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Revisit: Steely Dan: Aja

Revisit: Steely Dan: Aja

Revisit is a series of reviews highlighting past releases that now deserve a second look.

I once read somewhere that Steely Dan is one of the most sampled groups in hip-hop. It’s not hard to believe- the band’s sound is one that’s rife for consumption: jazzy, melodic and complex instrumentation with plenty of room to be worked around (notably in Kanye West’s “Champion”, which samples “Kid Charlemagne” and Lord Tariq and Peter Gunz’ “Deja Vu”, which flips “Black Cow”). They also pioneered the forgotten art of the “yacht rock diss war” with The Eagles, killing them on their own shit in songs like “Everything You Did” with the infamous refrain of “Turn up the Eagles/ The neighbors are listening.”

As the World’s Biggest Steely Dan Fan Who Wasn’t Around In The ‘70s, I’m aware of the band’s longevity and presence, but they never quite seemed to be as huge as they deserved. Their debut, Can’t Buy a Thrill, is a diverse and jaded antithesis to the psychedelia that dominated the end of the 1960s – it was an album for the folks who got sick of all the hippies and their pot and stuck to good ol’ cocaine, thank you very much. Steely Dan’s sharp lyricism and cynical, downbeat lyricism would also find an outlet in their sophomore effort Countdown to Ecstasy, but their crowning achievement is 1977’s Aja. It has been recognized as such officially, having been selected in 2010 by the Library of Congress as culturally significant, but no one ever talks about what a banger of an album it is. It’s a tight, focused and funky little number, clocking in at just under 40 minutes. It’s also a pinnacle of the accessibility that fusion and jazz-rock can attain, both creatively and commercially.

Aja is an album about loneliness, about longing – these songs are filled with characters who stare and wonder and plan for what’ll happen instead of living in the now. Opener “Black Cow” is a deceptively danceable number about a guy who’s tired of the philandering love of his life. Over a bass-heavy, synth stingy groove line, Donald Fagen and Walter Becker craft a moving yet hard-nosed account of a love that just can’t stand its partners. The specificity of the refrain, “It seems so clear/ That it’s over now/ Drink your big black cow/ and get out of here,” directly parallels the first lines of the song, and the dichotomy between a beverage as innocent as a black cow (a fountain soda with ice cream) and the sordid nature of the story is paramount. The duo’s keen sense of detail and for lyrical plotting and suggestiveness make all their songs into tiny short stories, pulsing with a healthy shade of noir and the obsession with idiosyncrasies that dominates the fiction of Raymond Chandler.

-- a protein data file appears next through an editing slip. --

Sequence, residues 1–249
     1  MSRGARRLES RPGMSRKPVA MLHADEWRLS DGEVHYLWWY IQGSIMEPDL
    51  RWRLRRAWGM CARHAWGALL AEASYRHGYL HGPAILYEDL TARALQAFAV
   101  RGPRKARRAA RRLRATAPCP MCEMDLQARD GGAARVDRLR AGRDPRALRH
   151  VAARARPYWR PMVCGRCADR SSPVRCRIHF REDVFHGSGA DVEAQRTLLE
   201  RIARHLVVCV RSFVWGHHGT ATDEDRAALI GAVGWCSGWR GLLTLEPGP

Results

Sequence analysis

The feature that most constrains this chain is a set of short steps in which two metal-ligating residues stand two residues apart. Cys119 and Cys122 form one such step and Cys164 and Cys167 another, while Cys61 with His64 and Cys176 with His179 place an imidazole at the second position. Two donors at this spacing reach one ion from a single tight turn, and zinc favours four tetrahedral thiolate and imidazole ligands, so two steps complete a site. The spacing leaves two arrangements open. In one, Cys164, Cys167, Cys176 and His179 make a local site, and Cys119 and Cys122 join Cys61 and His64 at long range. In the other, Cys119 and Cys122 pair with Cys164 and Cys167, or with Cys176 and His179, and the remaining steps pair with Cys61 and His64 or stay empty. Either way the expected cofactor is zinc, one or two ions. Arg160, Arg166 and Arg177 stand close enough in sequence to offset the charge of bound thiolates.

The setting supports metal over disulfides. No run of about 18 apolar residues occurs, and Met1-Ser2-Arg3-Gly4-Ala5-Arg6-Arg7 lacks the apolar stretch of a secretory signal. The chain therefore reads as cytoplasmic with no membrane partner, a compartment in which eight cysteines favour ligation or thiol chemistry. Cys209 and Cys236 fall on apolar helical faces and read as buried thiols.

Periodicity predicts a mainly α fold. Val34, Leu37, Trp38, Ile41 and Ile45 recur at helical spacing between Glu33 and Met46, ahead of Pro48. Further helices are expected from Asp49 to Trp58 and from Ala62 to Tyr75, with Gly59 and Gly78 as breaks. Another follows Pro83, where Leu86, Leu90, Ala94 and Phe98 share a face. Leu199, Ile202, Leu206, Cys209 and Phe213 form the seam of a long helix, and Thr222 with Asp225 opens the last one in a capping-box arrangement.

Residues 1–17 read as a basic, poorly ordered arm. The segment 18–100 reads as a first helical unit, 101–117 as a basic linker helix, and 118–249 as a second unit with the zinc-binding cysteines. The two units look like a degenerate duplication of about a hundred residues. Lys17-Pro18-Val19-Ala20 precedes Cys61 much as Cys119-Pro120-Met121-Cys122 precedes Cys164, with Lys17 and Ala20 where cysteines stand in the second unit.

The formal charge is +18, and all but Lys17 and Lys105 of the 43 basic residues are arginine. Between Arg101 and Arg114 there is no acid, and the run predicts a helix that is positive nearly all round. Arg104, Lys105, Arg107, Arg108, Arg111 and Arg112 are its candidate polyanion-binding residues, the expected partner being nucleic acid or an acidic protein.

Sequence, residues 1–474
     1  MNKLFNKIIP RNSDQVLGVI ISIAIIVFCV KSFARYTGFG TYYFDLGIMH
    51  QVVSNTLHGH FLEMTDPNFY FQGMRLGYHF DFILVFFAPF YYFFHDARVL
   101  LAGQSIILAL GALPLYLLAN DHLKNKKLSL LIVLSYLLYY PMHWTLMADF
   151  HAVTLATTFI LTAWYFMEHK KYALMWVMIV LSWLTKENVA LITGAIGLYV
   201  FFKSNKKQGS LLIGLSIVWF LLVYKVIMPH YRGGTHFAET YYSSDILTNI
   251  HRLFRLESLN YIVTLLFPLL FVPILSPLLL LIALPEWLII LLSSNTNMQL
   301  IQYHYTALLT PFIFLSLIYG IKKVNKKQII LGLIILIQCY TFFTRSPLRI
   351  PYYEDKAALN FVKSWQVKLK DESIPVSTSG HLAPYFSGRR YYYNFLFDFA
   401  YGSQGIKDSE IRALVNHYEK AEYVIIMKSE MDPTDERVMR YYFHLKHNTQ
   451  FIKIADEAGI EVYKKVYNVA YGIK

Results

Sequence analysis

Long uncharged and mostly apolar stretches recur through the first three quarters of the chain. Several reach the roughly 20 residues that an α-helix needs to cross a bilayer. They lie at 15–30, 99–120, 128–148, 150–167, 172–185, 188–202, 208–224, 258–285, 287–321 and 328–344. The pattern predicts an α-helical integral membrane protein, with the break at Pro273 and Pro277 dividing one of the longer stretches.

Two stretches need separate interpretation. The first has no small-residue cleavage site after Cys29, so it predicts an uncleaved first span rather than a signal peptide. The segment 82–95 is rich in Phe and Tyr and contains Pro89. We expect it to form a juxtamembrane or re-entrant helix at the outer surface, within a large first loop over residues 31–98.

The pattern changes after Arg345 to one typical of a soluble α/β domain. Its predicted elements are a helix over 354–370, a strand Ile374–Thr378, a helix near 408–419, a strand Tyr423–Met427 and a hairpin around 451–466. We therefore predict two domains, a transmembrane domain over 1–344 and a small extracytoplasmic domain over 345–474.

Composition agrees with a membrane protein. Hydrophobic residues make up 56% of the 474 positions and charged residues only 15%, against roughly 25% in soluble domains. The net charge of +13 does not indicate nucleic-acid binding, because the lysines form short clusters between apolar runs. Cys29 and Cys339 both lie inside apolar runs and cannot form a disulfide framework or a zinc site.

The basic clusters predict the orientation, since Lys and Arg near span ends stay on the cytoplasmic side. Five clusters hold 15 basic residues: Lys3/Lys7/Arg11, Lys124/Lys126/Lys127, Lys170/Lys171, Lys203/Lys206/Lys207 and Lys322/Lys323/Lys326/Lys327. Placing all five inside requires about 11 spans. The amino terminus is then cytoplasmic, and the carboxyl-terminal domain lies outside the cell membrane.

The title track is a thick and well-paced piece of pure jazz-rock, featuring two (!) percussive breakdowns that are augmented by a blistering saxophone solo from none other than Weather Report’s Wayne Shorter. The lyrics to the song are more impressionistic, but as Fagen sings of double helixes in the sky and nighttime thought-wandering, the rollicking guitar line gives way to the machine-gunning sax. Fagen and Becker are known for their engineering perfection, to wit, this album won a Grammy for Best Engineered Recording, Non-Classical (and Fagen’s sublime 1982 solo album The Nightfly is considered a benchmark in studio technique). Allegedly the solos in some of the tracks reached Kubrickian numbers of takes, but all for the right purpose; the haunting synth whistle that is laid under that breakdown at the end of the song is eccentric synchronicity.

The most telling and confident piece on the record is “Deacon Blues,” one of the most perfect pieces of song composition/ structure ever recorded. It’s a scummy, scuzzy little tale that sounds as gorgeous and expansive as it is lurid and intimately apocalyptic. Our titular character sings of nights started with Scotch whiskey and capped with car crashes, with a voice that slathers romance and desire into something so terrible. The mid-tempo backing track occasionally plunges in a soulful sax, particularly giving note to the lyric, “Learn to play the saxophone/ and I’ll play just what I feel.” While the register Fagen uses continuously slips while he sings the different refrains, perhaps echoing the character’s resolve, it’s a brilliant use of technique to indicate how the night that suddenly seemed so in love with doom is slowly giving way to the cold realization that it’s a cycle that will never sway, one of pity and regret. The song is soaked in a cloud of stale rotgut remains as much as its protagonist, who semi-proudly declares he wants a name when he loses.

Steely Dan’s Aja is recognized as one of the band’s more significant efforts, both in sales numbers as well as in award recognition, but its milestone status is rarely discussed. It stands as the band’s most complete exemplar of their signature sound. While they were labeled as “yacht rockers,” Aja is a mature and evolved work than the sunny skies and breezy days of yacht rock could never quite encompass. It’s more the sound of the crew, sneering and bitter and drunk, after the party’s cleared out. It’s a brilliant work that compromises no artistic vision and remains an upper echelon effort in American music.

AMAZONINSOUND

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